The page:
Is my car a write-off?

We’ve covered several areas of used car buying such as how to buy a used car and even looked at the best used car of 2012.

Now it is time to look at write-offs and the dangers associated with buying a car which has previously been a write-off.

According to, the number of cars which have been written off on UK roads is one in six and it claims the incredible figure of eight million write-offs has been put forward by CDL Vehicle Information Services.

The accuracy of these numbers are always subject to scrutiny, but the prospect of buying a write-off and the associated safety issues are extremely important for a used car buyer.

What is a write-off?

When a car is in an accident, repairs and recovery are handled by the driver’s insurance company. However, it may be the case that potential repairs to the car will be too costly to justify.

This could be because the repairs will be too a high a proportion of the car’s actual value. For example, £2,000 worth of damage to a car worth little more than that figure means it does not make sense to repair the car.

In this case, it will be declared a write-off and therefore not road legal. However, the car’s future depends on which write-off category it falls in.

What are write-off categories?

The severity of the damage to a car is rating in four different categories. The first, category A, is the most servere of them all.

Cars in category A (referred to Cat A) have suffered extreme damage and should never be allowed back on the road. If you buy a category A car, it is illegal and potentially extremely dangerous.

The next level is category B, which applies to cars with ‘significant’ damage. Like category A cars, it will not be allowed on the road again but some parts may be salvaged if they are undamaged.

A category C write-off is one which has repairable damage but to fix the car would cost more than the car itself. If somebody wishes to repair it and send it for an MOT, it is allowed back onto the road – but it will mean the repairer effectively loses money.

The least severe write-off category is category D. Cars in category D will be repairable but the car will have significant repair costs and the insurance company will have decided it is not worth repairing it to its former glory.

Why are write-offs on the road?

Category C and D write-offs are legally allowed on the road if they have been repaired to a sufficient standard. However, it is important to get any used cars that fall into this category checked thoroughly for a repair history and to ensure it is not stolen or cut ‘n’ shut.

Even a repaired car can be more dangerous if the repair is not a good one and this is something which should be considered if buying a write-off.

Category A and B cars on the road are illegal and should not be sold or used on the road again. If the car is a category A or B it is unsafe should never be taken out on the road.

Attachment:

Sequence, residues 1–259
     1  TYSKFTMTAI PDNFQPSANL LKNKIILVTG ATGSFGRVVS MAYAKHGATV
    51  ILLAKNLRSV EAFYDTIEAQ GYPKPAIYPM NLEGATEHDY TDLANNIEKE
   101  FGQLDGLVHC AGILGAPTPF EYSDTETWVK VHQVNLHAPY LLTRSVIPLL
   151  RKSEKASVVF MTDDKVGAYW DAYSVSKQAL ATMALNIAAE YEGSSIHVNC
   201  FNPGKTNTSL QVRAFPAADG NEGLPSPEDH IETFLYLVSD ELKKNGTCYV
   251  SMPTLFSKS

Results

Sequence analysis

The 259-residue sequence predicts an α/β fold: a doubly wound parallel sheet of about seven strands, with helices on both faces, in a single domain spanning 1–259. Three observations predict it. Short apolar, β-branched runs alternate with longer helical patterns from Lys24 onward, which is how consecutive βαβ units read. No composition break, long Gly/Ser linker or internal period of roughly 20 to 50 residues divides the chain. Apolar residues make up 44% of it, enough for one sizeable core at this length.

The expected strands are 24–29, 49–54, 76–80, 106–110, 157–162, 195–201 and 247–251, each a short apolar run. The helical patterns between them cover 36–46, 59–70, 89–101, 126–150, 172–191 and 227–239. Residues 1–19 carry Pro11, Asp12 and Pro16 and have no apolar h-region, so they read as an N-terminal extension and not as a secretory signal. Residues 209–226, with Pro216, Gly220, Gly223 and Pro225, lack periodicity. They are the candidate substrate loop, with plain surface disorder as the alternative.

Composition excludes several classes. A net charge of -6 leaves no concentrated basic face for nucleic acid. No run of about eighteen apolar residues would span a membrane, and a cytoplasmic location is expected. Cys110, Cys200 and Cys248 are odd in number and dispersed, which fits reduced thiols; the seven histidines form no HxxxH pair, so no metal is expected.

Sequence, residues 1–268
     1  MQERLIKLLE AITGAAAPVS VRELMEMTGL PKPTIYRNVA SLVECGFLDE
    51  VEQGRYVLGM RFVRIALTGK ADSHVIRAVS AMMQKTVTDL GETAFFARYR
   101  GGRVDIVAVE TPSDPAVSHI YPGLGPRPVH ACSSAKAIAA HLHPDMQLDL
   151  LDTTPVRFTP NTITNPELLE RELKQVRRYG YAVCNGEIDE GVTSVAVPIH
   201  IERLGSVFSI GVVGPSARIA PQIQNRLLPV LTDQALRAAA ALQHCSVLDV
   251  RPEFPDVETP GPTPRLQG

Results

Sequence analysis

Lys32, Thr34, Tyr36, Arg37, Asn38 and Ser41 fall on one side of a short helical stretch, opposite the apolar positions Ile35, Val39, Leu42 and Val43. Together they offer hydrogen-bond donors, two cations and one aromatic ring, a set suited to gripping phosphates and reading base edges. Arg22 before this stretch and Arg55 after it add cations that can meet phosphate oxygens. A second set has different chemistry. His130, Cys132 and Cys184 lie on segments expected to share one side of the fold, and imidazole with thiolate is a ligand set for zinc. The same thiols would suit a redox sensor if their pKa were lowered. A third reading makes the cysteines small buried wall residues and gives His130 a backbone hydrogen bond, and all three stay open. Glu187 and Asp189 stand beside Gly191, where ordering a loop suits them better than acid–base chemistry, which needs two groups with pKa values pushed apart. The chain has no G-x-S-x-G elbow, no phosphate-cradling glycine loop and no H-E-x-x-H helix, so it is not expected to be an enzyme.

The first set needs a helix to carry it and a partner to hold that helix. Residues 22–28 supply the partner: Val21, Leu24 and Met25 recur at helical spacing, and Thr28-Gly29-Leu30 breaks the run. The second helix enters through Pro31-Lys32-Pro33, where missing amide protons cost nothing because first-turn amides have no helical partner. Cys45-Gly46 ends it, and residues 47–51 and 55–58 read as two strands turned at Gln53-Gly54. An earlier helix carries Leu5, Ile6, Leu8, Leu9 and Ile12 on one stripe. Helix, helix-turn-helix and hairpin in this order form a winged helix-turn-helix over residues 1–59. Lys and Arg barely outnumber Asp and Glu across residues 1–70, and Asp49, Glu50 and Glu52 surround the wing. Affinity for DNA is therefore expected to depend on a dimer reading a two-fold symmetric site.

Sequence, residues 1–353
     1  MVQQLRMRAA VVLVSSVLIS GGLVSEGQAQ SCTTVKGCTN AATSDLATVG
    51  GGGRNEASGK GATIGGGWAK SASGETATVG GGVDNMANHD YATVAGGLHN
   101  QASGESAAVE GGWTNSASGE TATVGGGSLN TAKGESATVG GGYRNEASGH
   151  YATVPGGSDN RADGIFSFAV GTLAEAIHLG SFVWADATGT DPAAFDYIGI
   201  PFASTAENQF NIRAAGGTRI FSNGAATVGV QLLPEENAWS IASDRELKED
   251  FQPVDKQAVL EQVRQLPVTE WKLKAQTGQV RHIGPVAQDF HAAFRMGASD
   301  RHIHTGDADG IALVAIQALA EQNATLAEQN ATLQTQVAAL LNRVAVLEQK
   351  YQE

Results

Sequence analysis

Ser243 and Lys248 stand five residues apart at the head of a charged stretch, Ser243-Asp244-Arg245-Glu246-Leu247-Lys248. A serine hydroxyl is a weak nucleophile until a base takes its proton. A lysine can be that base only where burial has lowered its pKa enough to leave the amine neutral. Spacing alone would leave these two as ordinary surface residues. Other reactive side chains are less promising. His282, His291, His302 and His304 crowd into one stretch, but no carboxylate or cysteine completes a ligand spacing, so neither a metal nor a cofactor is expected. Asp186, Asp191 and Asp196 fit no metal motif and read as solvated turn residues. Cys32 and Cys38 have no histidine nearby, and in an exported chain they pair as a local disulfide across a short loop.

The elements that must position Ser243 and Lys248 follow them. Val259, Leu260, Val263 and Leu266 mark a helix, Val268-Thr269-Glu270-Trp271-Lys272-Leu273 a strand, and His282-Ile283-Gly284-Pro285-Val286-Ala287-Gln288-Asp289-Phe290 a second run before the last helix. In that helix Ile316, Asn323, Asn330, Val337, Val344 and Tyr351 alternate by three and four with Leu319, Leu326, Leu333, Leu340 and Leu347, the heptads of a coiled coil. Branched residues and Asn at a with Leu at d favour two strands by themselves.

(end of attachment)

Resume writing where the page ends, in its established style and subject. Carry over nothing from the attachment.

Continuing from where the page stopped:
They appear on the roads because criminals sell them on after sprucing the car up to make it look respectable, as Nicola Johnson from vehicle information check expert HPI explains the problems with category A and B write-offs:

“It can be tempting for the criminal to gloss over the damage and try and sell on these potential death traps which have been disguised as a dream buy. Buyers need to take all precautions available to them to ensure they can identify a write-off and, importantly, what type of write-off it is.”

If you suspect a car could be a category A or category B write-off, it is important to get a full check on the car and have it overseen by an engineer. If it is a category A or B car, don’t buy it.

Why are write-off cars unsafe?

Category A and B cars are unsafe because the cars were damaged enough to be considered impossible to repair to a good enough safety standard.

A category A or B car could be anything from structurally unsound to having damage to important parts such as the engine or safety technology. In a crash, this could endanger participants and could lead to serious injury or death.

A category C and D car would offer the same concerns if not repaired properly and it is important to check these cars before purchase.

How do I check if my car is a write off?

The simplest way to check is to pay to have a history check on your car. Services such as HPI can tell you if the car is stolen, cloned, a cut ‘n’ shut or if it has been written-off in the past.

This is the safest and easiest way to check if a car is a write-off. However, always be aware this could be the case and follow our guide to buying a used car closely.

As always, if you are suspicious, or the deal seems too good to be true, walk away. It is better to be cautious than end up losing thousands of points – or worse if the car itself is unsafe.

Buy from a reputable seller

As part of the Perrys promise, all used cars bought through a Perrys dealership are extensively checked for safety, outstanding finance or adverse history and mileage.

By buying a used car from a reputable dealership such as Perrys Motors, you can avoid the hazards of buying a write-off.